It's seven days until I partake in a mercy killing. That day, I will take a half day off of work. I will walk slowly to my car, and proceed to obey every stop sign, traffic signal, and speed limit to delay the inevitable. I will drive the twenty three miles from my place of work to the veterinarian's office, where I will sign the paperwork and hold my best friend of eleven years as she breathes her last on this planet. The fact that I will be in the exact same building, in the exact same operating room, attended by the exact same veterinarian when I first went through this process twelve years makes me sigh with ironic morbidity.
The story of how I met my best friend starts six months before I adopted her. That day, I woke up to my mom nudging me awake, and telling me I had to get up. When I came upstairs, I found my Shetland sheepdog confused and thrashing about. He had had a seizure that night, and for his own good, we had to put him to sleep. I was saddened, but immediately accepting of his fate. He could no longer see; the burst blood vessels in his eyes and his erratic movements clearly stating that he would never recover, and there was only one merciful option. I tearfully gathered my companion of ten years in my arms, ignoring the stream of urine he involuntarily passed, running down my shorts and leg to pool on the floor. We slowly drove to the vet's office, where we signed the paperwork, and I only had a short time to say goodbye to my childhood friend. I cradled him in my arms, and whispered that he was going to a place with no pain, no fear, and he could happily play with the German Shephard that was my guardian from the time I was born until I was six years old that succumbed to cancer while I was in kindergarten.
The veterinarian came in, and without ceremony, administered the shot. I watched as my friend's twitching slowed; his breathing becoming slower, and slower, until it finally stopped. I had never actually been through this before, and knowing that before me was the shell of my companion made me break down and sob in the vet's office. I was barely coherent the rest of that week; trudging around my school with a neutral expression, desperate not to show emotion, because if I did, I would break down. Then, she came into my life.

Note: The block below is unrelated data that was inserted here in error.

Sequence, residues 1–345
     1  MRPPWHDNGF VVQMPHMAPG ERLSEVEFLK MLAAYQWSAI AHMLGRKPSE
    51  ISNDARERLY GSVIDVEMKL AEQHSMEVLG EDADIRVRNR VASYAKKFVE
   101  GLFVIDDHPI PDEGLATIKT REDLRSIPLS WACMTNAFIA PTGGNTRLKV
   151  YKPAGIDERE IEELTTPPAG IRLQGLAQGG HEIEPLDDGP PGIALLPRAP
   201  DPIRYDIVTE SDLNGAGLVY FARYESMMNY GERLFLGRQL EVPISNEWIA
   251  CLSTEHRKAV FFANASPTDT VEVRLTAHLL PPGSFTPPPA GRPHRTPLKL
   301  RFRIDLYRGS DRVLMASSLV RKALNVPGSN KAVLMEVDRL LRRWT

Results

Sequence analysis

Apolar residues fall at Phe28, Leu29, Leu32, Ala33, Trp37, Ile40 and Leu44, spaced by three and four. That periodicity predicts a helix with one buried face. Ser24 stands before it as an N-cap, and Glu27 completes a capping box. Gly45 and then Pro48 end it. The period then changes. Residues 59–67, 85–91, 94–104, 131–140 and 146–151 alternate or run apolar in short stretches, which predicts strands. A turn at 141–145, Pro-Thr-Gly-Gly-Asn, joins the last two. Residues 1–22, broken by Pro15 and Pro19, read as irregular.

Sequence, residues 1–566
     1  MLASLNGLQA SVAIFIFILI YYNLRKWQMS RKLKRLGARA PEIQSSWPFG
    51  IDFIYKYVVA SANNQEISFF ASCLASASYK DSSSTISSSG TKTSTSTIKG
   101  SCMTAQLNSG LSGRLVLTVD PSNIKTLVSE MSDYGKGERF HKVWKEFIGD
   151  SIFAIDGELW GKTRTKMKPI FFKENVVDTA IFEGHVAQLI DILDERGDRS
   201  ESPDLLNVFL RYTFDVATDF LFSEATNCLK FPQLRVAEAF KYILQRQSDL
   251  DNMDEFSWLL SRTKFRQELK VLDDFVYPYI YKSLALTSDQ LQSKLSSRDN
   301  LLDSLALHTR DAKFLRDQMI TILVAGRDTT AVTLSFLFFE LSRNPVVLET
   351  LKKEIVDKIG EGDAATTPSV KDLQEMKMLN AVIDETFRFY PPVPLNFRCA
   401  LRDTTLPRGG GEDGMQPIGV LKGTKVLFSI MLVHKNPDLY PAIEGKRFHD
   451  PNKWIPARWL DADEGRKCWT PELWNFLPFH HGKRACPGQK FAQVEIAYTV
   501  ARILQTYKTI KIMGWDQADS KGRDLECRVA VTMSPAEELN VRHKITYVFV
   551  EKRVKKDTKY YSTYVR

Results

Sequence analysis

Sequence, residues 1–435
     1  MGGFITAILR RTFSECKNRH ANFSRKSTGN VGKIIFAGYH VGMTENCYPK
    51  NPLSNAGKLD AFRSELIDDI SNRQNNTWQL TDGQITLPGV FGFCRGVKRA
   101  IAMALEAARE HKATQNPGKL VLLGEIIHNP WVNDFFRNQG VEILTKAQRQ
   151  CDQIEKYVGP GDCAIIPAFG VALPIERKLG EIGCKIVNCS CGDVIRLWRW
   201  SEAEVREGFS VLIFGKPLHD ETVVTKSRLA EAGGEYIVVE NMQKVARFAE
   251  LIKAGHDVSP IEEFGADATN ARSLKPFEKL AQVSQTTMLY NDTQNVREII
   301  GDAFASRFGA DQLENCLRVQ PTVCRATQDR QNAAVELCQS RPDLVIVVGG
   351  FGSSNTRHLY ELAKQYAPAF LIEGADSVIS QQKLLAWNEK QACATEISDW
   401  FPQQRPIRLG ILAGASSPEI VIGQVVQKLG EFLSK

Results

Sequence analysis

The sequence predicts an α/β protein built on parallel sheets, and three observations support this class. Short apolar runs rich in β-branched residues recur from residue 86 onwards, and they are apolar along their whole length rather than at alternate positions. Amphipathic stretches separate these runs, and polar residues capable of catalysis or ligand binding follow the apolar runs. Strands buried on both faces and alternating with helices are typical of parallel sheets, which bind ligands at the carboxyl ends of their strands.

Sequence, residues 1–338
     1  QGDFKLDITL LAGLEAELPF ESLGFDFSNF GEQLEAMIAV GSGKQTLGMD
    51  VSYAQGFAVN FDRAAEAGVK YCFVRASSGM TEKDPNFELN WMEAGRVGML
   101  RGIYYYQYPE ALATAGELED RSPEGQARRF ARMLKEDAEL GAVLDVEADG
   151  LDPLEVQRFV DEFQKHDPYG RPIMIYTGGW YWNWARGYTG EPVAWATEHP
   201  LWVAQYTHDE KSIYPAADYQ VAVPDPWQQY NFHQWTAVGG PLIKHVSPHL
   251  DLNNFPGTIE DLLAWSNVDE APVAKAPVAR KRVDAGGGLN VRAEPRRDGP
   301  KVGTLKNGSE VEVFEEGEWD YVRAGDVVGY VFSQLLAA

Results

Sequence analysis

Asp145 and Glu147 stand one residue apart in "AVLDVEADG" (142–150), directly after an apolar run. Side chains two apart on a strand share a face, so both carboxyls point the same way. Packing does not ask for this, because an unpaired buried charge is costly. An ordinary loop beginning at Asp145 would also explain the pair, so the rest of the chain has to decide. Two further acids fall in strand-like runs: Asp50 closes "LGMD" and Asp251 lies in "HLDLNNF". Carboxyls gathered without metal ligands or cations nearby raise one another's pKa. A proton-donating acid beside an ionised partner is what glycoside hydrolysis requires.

She was a German Shephard/Husky mix. A three time loser, dumped at the shelter, about to be sent to a kill shelter because she was labeled a problem dog. More like beginner dog families tried to adopt her and didn't know what they were doing, and blamed it on her youthful exuberance, instead of their inexperience and impatience. Their loss was my gain.
My family always had dogs, and after 6 months had passed, we decided to get another one. We were unimpressed with the dogs at the shelter, until we saw her. An insuppressible ball of energy at six months old, she bounced around in her cage, barking relentlessly. The staff put a leash on her, and let her out, handing me the leash. I took the leash, and patted her on the head, and I was lost. We took her home that day, and for the next eleven years, she was my constant companion; my snuggling buddy on those cold winter nights, and my alarm clock to get up for school, when she would jump on my bed and slap me in the face with her paw.
That was over a decade ago. Now, thanks to a slow, degenerative spinal disease similar to ALS, she no longer has the use of her back legs, and can only crawl around on her front. Her teeth are dull and blunted, and she spends most of the day lying around. To me, she is the most beautiful dog in the world. She can no longer chase a tennis ball, or wrestle around with me, but we're still able to go on walks, thanks to a specially made wheelchair we purchased online. However, she has slowed down dramatically, and both my family and my vet have recommended that it is her time.